As the 2014 Sochi Olympics get underway, the biggest story is not any particular event. No perfect triple-axel or record-setting bobsled time will overshadow that which will define this Olympics in history as surely as John Carlos’s and Tommie Smith’s raised fists at the 1968 games in Mexico City.

Russia’s clownish anti-gay laws have sparked intimidation and violence against the country’s LGBT community and have put state-sanctioned homophobia in the global spotlight. But author and activist Joseph Huff-Hannon set out to write a book about the flip side of this story—true tales of gay and lesbian Russians at home and within the diaspora—and in an oral history reminiscent of Studs Terkel, Huff-Hannon and his co-editor, Masha Gessen (herself an out journalist who recently fled Russia and wrote about it for The Guardian last year), chronicle individual tales of this community. These are ordinary people living their lives as best they know how in unexpected and frightening circumstances.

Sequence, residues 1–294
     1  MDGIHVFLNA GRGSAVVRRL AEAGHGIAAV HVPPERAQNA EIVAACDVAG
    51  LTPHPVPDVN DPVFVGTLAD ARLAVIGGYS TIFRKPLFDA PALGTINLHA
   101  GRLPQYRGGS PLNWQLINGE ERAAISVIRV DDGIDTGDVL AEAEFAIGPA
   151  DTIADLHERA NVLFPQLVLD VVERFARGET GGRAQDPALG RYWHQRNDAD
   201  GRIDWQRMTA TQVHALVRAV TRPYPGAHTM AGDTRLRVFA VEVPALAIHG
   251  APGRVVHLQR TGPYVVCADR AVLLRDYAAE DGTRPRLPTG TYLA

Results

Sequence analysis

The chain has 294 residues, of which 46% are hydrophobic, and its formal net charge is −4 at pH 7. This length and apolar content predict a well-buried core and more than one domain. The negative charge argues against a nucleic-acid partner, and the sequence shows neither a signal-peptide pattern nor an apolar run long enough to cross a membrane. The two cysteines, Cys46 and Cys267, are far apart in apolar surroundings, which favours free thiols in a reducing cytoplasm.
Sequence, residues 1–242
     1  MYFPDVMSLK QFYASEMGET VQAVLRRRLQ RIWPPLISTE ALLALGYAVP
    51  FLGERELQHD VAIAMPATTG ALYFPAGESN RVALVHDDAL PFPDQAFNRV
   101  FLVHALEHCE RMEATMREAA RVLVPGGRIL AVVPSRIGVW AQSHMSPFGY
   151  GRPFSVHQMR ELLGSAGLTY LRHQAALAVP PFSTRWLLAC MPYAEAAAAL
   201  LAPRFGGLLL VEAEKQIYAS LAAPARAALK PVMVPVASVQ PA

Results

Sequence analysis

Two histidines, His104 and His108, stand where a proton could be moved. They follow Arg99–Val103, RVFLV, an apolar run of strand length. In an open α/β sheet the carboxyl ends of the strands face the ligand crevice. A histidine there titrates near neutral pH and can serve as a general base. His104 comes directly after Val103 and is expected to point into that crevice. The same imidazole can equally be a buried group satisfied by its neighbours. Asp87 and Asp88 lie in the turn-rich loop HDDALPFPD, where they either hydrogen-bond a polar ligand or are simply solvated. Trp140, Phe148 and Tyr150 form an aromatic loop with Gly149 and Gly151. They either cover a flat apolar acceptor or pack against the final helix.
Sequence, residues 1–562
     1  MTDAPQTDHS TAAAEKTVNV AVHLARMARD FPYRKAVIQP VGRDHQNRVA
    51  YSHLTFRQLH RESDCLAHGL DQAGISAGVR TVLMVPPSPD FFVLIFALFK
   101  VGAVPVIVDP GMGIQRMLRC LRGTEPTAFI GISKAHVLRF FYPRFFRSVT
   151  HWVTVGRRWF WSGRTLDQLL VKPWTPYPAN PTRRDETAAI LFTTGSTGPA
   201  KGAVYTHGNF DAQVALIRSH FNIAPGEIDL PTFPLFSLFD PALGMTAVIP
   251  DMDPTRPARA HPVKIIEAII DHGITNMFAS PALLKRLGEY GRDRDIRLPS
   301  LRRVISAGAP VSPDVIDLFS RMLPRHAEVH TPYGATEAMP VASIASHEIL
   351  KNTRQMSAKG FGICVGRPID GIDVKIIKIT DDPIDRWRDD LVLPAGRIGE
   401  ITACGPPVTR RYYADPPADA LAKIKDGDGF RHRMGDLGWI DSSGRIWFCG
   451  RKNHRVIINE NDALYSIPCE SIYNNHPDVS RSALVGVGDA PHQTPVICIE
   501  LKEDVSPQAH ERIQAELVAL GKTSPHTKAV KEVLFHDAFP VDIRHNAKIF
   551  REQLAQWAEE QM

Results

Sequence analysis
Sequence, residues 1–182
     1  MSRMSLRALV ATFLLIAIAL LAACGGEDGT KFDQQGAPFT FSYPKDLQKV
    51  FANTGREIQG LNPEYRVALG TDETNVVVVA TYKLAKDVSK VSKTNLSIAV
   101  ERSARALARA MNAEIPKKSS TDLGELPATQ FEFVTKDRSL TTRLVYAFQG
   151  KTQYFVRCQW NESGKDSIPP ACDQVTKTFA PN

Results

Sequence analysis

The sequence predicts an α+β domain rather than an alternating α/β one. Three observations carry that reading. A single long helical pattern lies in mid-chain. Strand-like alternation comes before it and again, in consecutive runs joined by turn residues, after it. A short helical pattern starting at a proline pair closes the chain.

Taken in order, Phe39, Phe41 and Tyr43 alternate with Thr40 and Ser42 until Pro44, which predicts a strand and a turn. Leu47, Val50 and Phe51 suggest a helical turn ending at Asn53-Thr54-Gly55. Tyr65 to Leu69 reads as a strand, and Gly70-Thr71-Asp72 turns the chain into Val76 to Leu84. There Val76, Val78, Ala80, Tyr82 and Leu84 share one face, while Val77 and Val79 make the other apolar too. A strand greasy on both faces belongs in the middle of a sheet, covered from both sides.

Gay Propaganda: Russian Love Stories is absolutely illegal under the new Russian law, but it stands as a testament to the idea that the best defense against bigotry and narrow-mindedness is a good offense: take some humanity and shove it in your face. Huff-Hannon and Gessen hope to circulate the Russian-language version of the book within the country’s borders, and I recently spoke with Huff-Hannon about how he hopes this book can contribute to the resistance against Russia’s heightened homophobia.

Read the full interview at The Rumpus.

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